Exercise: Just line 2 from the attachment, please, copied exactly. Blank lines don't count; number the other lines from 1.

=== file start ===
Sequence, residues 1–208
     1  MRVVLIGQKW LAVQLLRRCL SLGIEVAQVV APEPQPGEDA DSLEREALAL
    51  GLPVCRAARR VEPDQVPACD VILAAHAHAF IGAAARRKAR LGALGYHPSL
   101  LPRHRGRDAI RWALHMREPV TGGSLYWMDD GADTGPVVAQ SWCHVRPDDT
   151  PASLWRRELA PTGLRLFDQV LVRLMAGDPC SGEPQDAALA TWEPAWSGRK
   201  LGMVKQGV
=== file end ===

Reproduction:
     1  MRVVLIGQKW LAVQLLRRCL SLGIEVAQVV APEPQPGEDA DSLEREALAL